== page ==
Tribal youth eager to join Pakistani army
KHAR, Pakistan -- Demonstrating a strong desire for peace and stability, youth in Pakistan's tribal areas, once a safe haven for militancy and the Tehreek-e-Taliban Pakistan (TTP), are joining the army in larger numbers than ever before.
As many as 143 young residents of Bajaur Agency, part of the Federally Administered Tribal Areas (FATA), received appointment letters at the end of April to join the security forces.
They will soon have their chance to protect their region and their homeland.
Though exact numbers are not available, in past years, few FATA youth joined the military.
"My whole family and I are happy to join the army, as this will give me a chance to fight for my country against the militants," recruit Suliman Khan of Khar, Bajaur Agency, told Central Asia Online.
Militants have destroyed FATA with their bombings and terrorism, he said, adding that tribal youth yearn to join the army to defeat the miscreants.
Another recruit from FATA, Saida Wahab, 22, said it was his wish to defend his motherland.
"I'm happy that my dream has come true," he said.
"The army's top command is trying to give as many opportunities as possible to the people of FATA to join the army," Frontier Corps (FC) Inspector Gen. and Maj. Gen. Shaheen Mazhar Mahmood told Central Asia Online. "More people from Bajaur Agency will be given the chance to do so in the future."
"Peace has been restored in the agency, and sports and business activities are at full swing here [...] because of the sacrifices of the Bajaur people and soldiers and officers of the army," he said.
Pakistani army recruits tribal youth
The TTP emerged in Bajaur Agency in 2006 and carried out countless atrocities. But in 2008 the Pakistani army launched an offensive against them with full local support, tribal elders said.
In some areas, tribal people even formed local lashkars (militias) to fight the TTP.
Because many youth wished to join security forces, including the army, policy-makers have instituted special recruitment packages for FATA youth.
Last year, 180 Bajaur Agency residents joined the army, officials say. So far this year, 143 Bajaur residents have joined the FC and another two joined the army as commissioned officers after passing the demanding Pakistan Military Academy (PMA) Long Course 137.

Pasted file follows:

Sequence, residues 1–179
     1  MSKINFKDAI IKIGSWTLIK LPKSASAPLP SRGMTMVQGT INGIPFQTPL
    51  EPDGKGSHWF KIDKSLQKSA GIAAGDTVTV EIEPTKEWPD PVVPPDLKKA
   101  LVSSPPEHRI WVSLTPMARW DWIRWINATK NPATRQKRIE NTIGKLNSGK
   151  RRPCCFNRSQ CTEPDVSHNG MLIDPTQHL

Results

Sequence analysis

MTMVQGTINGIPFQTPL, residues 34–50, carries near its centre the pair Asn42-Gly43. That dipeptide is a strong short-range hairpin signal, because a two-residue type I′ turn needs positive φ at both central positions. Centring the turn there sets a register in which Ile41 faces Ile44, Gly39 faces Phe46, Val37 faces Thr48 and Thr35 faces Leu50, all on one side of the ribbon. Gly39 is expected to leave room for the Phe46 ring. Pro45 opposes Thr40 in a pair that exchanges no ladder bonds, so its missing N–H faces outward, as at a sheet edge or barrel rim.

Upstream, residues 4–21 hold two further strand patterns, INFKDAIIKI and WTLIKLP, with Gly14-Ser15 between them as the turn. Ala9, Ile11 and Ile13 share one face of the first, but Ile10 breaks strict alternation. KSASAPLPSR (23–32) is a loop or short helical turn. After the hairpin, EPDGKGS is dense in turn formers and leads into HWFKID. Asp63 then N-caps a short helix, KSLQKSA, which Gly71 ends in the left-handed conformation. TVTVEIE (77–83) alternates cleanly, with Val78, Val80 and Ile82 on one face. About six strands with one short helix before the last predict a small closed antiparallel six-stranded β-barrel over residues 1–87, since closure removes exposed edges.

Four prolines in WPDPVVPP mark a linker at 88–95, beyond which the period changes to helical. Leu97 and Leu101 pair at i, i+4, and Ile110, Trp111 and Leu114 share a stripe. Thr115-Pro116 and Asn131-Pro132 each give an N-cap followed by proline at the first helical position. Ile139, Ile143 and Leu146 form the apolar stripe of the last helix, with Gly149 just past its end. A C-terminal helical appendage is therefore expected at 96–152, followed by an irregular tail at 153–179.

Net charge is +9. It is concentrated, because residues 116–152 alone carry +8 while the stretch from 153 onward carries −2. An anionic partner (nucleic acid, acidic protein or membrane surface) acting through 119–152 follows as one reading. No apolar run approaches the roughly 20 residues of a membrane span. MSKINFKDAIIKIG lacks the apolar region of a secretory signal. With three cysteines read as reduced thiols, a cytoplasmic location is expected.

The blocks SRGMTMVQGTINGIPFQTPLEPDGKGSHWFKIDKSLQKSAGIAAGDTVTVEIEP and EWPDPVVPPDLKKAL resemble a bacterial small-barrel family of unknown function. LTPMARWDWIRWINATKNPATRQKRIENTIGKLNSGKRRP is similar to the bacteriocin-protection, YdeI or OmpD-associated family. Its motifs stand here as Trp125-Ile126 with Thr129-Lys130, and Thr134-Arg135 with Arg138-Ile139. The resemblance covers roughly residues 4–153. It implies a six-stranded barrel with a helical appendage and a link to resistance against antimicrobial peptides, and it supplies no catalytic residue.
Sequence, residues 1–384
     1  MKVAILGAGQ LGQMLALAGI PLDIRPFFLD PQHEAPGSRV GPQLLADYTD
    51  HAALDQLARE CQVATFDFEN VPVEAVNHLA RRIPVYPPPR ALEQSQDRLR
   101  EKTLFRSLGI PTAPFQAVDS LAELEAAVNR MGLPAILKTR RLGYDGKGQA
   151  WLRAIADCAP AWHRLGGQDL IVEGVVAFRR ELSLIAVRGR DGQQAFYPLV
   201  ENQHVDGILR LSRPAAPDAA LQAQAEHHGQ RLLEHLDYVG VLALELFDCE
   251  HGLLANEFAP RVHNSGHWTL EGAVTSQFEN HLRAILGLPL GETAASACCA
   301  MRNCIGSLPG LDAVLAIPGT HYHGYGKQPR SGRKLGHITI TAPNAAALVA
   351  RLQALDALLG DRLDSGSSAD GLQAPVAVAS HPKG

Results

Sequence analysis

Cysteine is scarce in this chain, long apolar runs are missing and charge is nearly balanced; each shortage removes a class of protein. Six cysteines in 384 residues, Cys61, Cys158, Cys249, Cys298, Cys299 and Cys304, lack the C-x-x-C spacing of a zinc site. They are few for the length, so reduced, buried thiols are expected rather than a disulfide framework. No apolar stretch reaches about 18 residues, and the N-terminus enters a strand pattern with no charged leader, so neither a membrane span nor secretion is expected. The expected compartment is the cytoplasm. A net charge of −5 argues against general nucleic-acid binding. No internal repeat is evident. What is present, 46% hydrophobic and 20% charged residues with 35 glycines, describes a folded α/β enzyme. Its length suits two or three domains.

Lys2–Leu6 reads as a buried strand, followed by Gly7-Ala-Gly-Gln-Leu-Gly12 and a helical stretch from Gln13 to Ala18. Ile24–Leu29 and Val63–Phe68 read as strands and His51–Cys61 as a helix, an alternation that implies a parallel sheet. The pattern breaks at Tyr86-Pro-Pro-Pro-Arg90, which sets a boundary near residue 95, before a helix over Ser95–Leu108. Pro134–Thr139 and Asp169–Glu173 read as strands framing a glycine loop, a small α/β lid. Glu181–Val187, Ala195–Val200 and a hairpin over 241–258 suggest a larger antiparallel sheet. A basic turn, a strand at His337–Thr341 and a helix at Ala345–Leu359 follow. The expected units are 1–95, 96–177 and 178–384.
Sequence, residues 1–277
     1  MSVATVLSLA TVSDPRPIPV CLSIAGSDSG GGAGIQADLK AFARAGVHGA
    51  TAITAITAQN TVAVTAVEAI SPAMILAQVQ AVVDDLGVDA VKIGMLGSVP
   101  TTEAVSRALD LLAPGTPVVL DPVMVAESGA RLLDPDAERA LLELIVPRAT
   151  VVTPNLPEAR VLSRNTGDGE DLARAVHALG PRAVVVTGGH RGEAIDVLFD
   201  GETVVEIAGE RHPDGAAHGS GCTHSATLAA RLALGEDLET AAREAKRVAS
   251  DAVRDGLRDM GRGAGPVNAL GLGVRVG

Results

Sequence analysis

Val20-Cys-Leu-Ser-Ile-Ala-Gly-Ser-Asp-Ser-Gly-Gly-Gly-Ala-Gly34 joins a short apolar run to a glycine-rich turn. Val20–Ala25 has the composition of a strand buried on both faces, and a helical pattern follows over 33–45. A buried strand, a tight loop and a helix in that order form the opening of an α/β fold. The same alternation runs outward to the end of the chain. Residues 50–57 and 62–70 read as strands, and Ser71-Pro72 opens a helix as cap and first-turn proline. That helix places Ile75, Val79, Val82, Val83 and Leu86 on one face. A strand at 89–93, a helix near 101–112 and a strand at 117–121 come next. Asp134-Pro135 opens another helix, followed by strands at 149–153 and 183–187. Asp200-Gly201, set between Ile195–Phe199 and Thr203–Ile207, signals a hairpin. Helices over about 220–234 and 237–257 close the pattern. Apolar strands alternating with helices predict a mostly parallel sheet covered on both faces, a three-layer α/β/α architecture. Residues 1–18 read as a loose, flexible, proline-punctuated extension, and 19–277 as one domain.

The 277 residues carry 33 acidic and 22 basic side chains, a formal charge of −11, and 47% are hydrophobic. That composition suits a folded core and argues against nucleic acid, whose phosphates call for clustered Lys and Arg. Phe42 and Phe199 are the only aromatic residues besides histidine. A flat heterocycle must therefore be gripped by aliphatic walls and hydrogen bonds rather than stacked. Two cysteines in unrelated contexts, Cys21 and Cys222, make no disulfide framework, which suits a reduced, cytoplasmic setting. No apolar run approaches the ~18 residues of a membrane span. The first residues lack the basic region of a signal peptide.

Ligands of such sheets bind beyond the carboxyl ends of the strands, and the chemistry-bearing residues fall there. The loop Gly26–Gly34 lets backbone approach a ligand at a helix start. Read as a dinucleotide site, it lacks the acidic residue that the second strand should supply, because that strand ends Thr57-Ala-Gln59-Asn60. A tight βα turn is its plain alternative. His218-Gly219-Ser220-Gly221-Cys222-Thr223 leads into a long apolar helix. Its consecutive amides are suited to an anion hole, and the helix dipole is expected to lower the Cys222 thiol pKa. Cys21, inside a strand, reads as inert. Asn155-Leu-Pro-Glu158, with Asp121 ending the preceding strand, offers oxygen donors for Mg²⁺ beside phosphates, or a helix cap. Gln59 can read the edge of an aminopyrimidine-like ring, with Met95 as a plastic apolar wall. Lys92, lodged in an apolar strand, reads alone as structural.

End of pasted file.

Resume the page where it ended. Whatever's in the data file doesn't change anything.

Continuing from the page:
Having more FATA youth in the army is a welcome move, Said Nazir, defence analyst and senior associate at the Institute of Policy Studies in Islamabad, said.
He urged the army to found schools and hospitals in FATA.
"The youth of FATA deserve better job and education opportunities, as the people of the area have always been on the forefront of defending the country against hostile forces," he told Central Asia Online.
Bajaur tribal elders support security forces
"Our country has always been safeguarded by security forces, and our youth need to be part of Pakistani forces so they can serve their nation in good form," Maulana Guldad Khan, a Bajaur tribal elder and an outspoken opponent of the TTP, said.
"Militants have destroyed our educational institutions, culture and religious ideology, so we were left with no option but to fight against them along with the army," he told Central Asia Online.
"The only way to mobilise youth in favour of security forces and government is to give them opportunities inside the security forces so they become aware of the forces' ideology and also obtain employment," Khalid Habib, another tribal elder, said.
Bajaur Agency elder Malik Bashak Khan pointed to the numerous sacrifices made by the army and local community in fighting terrorism in recent years, as well as joint efforts to restore peace in FATA.
"We appreciate the army for its efforts to restore peace here," he told Central Asia Online. "We also appreciate the residents of FATA who join the security forces."